If there is a third X-Files film, Carter and Spotnitz have both said they want it to deal with the 2012 Colonization storyline of the Mythology. If we are seeing a metaphorical retelling of the Mythology, are we to believe that the Colonists - or perhaps the creator alien gods of 'Biogenesis' - are from the Sirius star system?
That certainly ties into a lot of the occult and UFOlogy lore that The X-Files plundered for storylines. The concept of 'walk-ins' - alien spirits inhabiting human bodies- gives us a crude parallel to the experiments we see in I Want to Believe. In UFO lore, the walk-ins are from Sirius.
Discounting the usual chitchat about monomyths and hero's journeys, the use of ancient mythology in The Mythology offers two possiblities. First, that Carter and Spotnitz roughly believe what Mike Clelland (of Hidden Experience) and I discussed on his podcast- that UFOlogy is our modern mythos. All of these stories about aliens and flying saucers and abductions are our simply folklore for a technocentric age. That ties into the whole Keel/Vallee theory, which is fashionable among those who want to delve into the subject without being seen as lunatics at fancy dinner parties.
The other possbility has to do with what we hear all of the major characters proclaim throughout The X-Files' Mythology- that the alien creators gave us our religions, science and myths when they genetically engineered the human race. So in fact all of these stories about ancient gods are actually just garbled accounts of the ancient astronauts, perhaps with some folklore and random bits of history thrown in.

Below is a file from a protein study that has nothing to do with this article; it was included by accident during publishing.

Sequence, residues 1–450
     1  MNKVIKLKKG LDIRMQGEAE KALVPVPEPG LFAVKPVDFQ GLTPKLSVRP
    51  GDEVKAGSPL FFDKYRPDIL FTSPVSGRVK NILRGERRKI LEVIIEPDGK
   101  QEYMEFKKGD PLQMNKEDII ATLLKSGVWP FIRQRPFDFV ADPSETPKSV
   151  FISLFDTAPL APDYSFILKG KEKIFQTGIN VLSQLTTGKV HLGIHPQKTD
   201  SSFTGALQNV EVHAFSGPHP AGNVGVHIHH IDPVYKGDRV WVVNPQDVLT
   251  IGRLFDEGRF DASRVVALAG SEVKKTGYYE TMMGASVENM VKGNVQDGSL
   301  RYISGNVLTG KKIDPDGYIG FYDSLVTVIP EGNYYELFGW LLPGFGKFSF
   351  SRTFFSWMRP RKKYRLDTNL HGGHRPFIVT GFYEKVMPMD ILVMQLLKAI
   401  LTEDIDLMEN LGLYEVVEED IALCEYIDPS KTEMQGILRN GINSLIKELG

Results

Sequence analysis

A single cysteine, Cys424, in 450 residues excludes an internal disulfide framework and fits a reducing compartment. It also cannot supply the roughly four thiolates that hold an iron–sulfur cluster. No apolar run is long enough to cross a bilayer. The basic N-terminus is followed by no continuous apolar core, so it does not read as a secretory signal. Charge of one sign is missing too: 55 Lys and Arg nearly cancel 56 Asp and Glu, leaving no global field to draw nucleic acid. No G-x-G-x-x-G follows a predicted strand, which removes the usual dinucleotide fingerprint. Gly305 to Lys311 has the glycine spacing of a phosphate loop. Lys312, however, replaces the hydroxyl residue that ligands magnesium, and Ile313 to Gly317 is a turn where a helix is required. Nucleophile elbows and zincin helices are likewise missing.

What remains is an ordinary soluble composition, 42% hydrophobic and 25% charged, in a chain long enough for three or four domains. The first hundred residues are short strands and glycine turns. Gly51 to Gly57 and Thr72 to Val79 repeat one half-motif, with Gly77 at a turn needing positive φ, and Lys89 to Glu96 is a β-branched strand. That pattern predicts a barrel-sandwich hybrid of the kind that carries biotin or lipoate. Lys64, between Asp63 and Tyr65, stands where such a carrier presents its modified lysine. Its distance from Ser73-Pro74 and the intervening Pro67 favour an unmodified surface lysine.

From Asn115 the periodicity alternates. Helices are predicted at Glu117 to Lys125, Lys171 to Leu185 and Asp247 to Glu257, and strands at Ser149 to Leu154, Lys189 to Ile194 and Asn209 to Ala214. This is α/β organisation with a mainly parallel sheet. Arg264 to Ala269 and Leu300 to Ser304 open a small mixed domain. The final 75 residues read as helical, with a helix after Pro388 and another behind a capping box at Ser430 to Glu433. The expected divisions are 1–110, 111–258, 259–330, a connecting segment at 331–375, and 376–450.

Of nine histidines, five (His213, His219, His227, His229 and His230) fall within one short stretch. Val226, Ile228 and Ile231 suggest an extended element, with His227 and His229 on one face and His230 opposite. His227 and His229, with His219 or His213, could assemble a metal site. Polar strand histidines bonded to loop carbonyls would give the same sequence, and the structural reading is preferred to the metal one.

This idea becomes quite tantalizing in the context of IWTB when you read news stories stating that some scientists believe that life on earth was seeded from the asteroid Ceres, which is the Roman name for Demeter. Panspermia was the concept that kicked off the whole alien cretor storyline in "Biogenesis."
All of this ties into themes that have been taking up more and more of my time, such as the possibility that these mythic narratives are hardwired into our brains for a reason, namely that they are allegories of realities that ancient people couldn't begin to grasp. And the hallucinogen/alien link is still an enigma, but one I'm convinced has the potential to completely change our current reality paradigm if we solve it.